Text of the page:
Osteogenesis Imperfecta is a disorder more commonly known as brittle bone disorder though the effects of it can extend a great deal beyond this. This is what the OI foundation has to say about it : OI is caused by an error called a mutation on a gene that affects the body’s production of the collagen found in bones, and other tissues. Here are five facts about OI as I have experienced it.
Note: in the picture to the left I am wearing a thick back brace under my school uniform. This brace basically went form my armpit to my crotch and I wore it full time (minus baths) for six months and then all day (I could sleep without it) for another five. When I was eight and getting my books out of my backpack, I had sharp back pain and dropped my books back into my back and managed to turn myself to slide down the wall to the floor (I was trained from an early age not to fall if it could be avoided as I had had numerous broken bones already). A few of my vertebrae were rubbing together where there was no cushion because they had lost their alignment as I grew. I was diagnosed with OI after this happened.
1. When I was first diagnosed there were only four levels of OI related to us but four additional types have been added based on dental issues as I last understood. They are not numbered on a scale of one-to-four in terms of intensity, but if they were, I would have the second type, not the lightest, but two levels away from the worst. However, it is known as Type IV in OI parlance.
2. I haven’t seen a specialist since I was 14 years old. When I was 14, the state of Louisiana took away my government provided medical insurance in an overall purge of their medical card rolls (a friend of mine who was an extremely insulin dependent diabetic also was purged at this time). I didn’t have insurance again until the CHIP program started but I never saw a specialist under that coverage and lost it when I turned eighteen. After that I couldn’t get affordable healthcare as an adult until the Affordable Healthcare Act formed the pre-existing condition pools.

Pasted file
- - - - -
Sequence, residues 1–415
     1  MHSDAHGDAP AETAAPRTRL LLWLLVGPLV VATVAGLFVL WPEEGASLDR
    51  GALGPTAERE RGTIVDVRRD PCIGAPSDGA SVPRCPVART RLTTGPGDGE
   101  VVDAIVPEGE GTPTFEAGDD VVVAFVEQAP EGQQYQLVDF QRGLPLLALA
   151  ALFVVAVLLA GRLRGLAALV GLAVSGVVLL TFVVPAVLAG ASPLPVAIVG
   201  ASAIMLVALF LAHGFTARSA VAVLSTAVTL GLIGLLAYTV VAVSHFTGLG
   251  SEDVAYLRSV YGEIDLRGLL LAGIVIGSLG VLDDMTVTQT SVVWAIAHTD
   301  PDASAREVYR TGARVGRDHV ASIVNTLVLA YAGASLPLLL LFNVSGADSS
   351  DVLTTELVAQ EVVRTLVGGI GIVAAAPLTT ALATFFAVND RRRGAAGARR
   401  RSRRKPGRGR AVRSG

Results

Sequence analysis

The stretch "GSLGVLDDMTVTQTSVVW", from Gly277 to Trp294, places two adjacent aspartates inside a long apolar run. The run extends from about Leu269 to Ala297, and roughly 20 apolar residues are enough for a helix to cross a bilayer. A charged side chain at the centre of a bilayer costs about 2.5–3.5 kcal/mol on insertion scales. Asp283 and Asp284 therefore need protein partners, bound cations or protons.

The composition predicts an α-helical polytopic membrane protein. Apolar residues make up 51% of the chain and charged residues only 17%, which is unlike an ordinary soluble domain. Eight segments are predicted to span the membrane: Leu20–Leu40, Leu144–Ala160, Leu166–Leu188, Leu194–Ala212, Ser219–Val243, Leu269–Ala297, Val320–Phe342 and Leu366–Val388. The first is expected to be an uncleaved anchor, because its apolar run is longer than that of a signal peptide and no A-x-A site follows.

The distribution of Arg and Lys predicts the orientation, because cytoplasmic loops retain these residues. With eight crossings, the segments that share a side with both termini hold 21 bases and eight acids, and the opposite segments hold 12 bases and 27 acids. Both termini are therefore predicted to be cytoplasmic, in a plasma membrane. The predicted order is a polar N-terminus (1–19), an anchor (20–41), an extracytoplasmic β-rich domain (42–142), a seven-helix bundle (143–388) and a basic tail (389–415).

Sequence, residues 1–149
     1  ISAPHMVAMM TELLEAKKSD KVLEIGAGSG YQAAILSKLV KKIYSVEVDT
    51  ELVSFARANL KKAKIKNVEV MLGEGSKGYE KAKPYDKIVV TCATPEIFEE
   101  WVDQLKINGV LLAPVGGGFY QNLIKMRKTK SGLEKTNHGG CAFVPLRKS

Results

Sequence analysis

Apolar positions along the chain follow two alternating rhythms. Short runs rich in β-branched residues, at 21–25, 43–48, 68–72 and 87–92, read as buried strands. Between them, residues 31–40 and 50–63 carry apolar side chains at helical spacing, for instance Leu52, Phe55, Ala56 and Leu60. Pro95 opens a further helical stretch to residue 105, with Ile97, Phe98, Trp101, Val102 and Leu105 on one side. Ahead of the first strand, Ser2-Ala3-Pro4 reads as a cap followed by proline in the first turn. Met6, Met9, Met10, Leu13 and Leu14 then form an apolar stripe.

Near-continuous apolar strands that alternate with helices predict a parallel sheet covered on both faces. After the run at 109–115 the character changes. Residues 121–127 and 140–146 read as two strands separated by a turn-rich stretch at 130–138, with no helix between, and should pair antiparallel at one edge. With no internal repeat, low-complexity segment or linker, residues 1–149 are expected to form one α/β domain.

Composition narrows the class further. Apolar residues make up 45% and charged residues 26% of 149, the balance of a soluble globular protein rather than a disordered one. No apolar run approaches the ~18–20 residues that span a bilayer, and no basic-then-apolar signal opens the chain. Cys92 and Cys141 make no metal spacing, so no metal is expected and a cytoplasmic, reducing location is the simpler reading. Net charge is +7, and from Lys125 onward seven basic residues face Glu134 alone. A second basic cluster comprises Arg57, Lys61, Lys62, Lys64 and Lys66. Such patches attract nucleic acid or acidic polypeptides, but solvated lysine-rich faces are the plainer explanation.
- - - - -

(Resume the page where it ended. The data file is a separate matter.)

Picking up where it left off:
I have had this insurance for a year and could have seen a specialist in this time period but delayed because we were planning to move but ended up staying put until we found the right house in the right place. When you have a rare disorder, you typically have to educate a GP about the disorder and he can then refer you to a specialist so that it will be unequivocally covered by your insurance. I was hoping to avoid visiting a GP here and educating him or her only to have to do so again when we relocate. I have decided that if we don’t move by early summer, I will get this ball rolling regardless. As it is right now, I haven’t had any large pressing issues though I am getting old enough now to need regular visits for monitoring.
3. Osteogenesis Imperfecta led to at least 16 breaks in my youth. I don’t know for sure because I don’t have a copy of my medical file and my mom lost count. My goal this year is to become fully in charge of my condition now that I have insurance. Since my teen years, it went into what I will call the standard remission most of us experience when our bones are stronger because we are at peak health. This will all begin to change sometime soon, and that is what I mean above by the need for consistent monitoring.